The one hour, time-certain meeting convened at 10:00 AM.
It’s 11:45 and we’re only about halfway through the agenda. The enormous conference table is completely surrounded, and even more people fill the folding chairs around the walls.
A DOT engineer is making his presentation on the department’s strategy to reconfigure a high-traffic roadway. The engineer has charts and graphs, sketches and plans. Plus, he’s armed with beautifully rendered artists’ renditions of how the new roadway will look. It’s clear (well, it’s clear to me anyway) that the professionals have spent a lot of time and effort working on this recommendation.
Then the questions and answers start.
A man at the far end of the table stands up and addresses the engineer: “Did you consider reducing the six lanes to four?” he asks.
The engineer responds calmly, pulling out the charts he’d already shown to illustrate the traffic patterns. “Yes, of course,” he says. “There’s way too much traffic to lessen the number of lanes down to four. You can clearly see that in these overviews.”
A woman jumps up. “I’m sure people would like to walk there. Did you even think about adding a sidewalk?”
The engineer calmly points to the display boards he’d already shown. “Yes, we looked at placing pedestrian corridors on both sides of the road as well as the median. We believe the safest and most efficient routes are exactly where we’re showing them.
Someone else pipes up. “Did you think about…?”
At this point, I expect to see the DOT engineer’s head explode.
“Did you think about this? Did you think about that? Did you think about the other thing?”
No matter what the audience asks, the engineer responds calmly. But I know what he really wants to say:
“ARE YOU PEOPLE OUT OF YOUR MINDS? OF COURSE I THOUGHT ABOUT THAT!! I’M A FREAKING TRANSPORTATION ENGINEER FOR PETE’S SAKE. SOLVING TRAFFIC PROBLEMS IS WHAT I STUDIED IN SCHOOL.
IT’S HOW I MAKE MY LIVING. I’VE DEDICATED MY ENTIRE LIFE TO SOLVING TRAFFIC PROBLEMS. THAT’S WHAT I DO. I’M A TRANSPORTATION ENGINEER!!”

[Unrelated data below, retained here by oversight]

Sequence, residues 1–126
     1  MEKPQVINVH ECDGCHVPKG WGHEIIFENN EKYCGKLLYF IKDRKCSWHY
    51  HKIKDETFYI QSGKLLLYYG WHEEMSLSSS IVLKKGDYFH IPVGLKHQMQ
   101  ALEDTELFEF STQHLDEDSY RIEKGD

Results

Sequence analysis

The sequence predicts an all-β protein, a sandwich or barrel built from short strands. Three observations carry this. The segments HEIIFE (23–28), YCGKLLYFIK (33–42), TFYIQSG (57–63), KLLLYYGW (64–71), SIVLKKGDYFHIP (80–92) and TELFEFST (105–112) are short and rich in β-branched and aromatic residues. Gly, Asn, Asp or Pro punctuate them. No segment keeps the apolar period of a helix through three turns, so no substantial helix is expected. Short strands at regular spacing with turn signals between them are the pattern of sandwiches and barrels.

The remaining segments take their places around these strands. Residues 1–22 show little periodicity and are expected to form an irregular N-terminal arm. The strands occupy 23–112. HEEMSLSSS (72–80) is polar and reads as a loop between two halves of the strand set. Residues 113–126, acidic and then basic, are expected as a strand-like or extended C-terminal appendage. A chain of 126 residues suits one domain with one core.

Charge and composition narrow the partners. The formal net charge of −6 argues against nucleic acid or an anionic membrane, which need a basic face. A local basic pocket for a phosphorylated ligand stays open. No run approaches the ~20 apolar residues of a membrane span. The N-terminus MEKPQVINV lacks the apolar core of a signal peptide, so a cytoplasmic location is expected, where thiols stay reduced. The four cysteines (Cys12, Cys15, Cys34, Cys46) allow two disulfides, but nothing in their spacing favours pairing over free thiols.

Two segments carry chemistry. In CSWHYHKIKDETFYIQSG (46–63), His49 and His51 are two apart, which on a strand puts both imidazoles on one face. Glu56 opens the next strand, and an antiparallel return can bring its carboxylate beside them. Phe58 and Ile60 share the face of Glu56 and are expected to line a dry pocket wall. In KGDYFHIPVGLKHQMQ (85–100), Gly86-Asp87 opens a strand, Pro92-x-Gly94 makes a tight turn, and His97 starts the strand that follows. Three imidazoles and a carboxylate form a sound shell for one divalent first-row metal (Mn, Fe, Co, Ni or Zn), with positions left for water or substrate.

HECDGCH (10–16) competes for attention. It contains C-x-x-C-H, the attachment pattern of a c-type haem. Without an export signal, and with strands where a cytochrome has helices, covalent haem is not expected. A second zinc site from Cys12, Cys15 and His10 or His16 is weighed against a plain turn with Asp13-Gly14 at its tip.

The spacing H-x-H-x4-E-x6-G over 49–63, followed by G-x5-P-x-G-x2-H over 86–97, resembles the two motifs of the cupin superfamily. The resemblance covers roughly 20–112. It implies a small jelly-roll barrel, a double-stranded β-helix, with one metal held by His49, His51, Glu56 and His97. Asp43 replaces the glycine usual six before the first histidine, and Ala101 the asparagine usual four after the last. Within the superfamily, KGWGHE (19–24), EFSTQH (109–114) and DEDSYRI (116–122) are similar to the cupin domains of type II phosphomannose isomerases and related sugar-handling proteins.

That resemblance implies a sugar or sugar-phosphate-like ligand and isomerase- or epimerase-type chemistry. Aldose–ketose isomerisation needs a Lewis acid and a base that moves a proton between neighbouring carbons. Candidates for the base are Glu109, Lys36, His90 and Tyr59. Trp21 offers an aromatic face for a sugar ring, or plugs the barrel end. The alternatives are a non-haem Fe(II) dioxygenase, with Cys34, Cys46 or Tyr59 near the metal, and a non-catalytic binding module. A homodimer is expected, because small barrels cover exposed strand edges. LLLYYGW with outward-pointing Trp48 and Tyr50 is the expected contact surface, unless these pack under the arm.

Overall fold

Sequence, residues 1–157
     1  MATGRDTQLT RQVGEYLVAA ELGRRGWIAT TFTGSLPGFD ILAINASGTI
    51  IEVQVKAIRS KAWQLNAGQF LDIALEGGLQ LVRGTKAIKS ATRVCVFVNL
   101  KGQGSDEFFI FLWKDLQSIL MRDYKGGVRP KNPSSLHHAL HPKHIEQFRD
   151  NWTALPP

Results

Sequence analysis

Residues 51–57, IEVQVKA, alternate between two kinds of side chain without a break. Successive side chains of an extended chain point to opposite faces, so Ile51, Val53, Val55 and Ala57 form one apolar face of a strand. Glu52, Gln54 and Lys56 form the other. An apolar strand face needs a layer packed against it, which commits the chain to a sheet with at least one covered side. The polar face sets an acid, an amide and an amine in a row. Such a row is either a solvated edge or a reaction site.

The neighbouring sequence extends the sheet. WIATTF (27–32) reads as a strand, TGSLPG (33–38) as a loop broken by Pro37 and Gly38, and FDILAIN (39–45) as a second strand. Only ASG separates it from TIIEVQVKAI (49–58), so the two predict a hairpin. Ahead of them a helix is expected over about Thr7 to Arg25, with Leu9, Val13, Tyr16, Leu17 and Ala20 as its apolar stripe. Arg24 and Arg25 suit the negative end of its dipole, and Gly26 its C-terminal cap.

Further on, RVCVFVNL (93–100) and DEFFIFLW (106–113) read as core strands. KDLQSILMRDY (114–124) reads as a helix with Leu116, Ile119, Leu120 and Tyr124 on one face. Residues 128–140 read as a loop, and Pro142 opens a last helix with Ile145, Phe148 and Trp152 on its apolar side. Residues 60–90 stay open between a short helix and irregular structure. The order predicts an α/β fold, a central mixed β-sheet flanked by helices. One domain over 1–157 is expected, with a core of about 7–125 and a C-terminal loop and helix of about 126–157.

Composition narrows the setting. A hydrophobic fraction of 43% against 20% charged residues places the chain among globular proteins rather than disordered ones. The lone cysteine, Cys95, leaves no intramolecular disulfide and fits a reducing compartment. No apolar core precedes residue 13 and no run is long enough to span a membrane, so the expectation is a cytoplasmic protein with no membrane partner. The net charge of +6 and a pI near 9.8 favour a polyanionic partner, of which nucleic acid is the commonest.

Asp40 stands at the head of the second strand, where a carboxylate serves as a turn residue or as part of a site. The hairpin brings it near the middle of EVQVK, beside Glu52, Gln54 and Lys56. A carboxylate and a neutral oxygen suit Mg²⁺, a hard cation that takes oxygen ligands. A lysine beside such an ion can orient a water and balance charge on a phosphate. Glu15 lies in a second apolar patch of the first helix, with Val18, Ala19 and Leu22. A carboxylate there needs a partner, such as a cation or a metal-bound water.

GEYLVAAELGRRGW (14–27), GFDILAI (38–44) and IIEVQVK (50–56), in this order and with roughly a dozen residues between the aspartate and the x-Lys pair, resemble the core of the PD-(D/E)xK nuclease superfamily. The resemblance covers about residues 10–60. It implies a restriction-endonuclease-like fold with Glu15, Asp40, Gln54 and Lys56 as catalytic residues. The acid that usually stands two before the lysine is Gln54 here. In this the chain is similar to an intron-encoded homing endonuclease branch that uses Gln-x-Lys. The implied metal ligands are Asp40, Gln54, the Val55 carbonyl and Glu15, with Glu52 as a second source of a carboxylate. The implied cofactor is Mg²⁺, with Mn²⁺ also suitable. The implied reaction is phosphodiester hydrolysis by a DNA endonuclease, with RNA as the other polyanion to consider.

Why would the audience think they know more about traffic problems than the transportation engineer? Where do they find the impudence to ask such demeaning questions? And why would they think that with all the study the engineer had already done, they’re going to instantaneously come up with the key question that will make everything perfect?
Who is the Best Person for the Job?
How many times have you asked your physician or nurse practitioner about a medication you saw advertised on TV?
How often have you told the keynote speaker what they should have talked about?
How often have you told the designer building your brand about the font you’d like them to use?
How often do you scream at the football coach to run the plays you know would win the game?
Yes, these are all funny questions. But they hint at the more serious idea of focusing on what we’re good at while we let the experts in our lives do what they do best.
How to Get the Best Results?
Letting the craftspeople and professionals in your life focus on what they do best is the best way to get the best result. And focusing on what you’re uniquely qualified to do is also the best way to get the best results and have the best time doing it.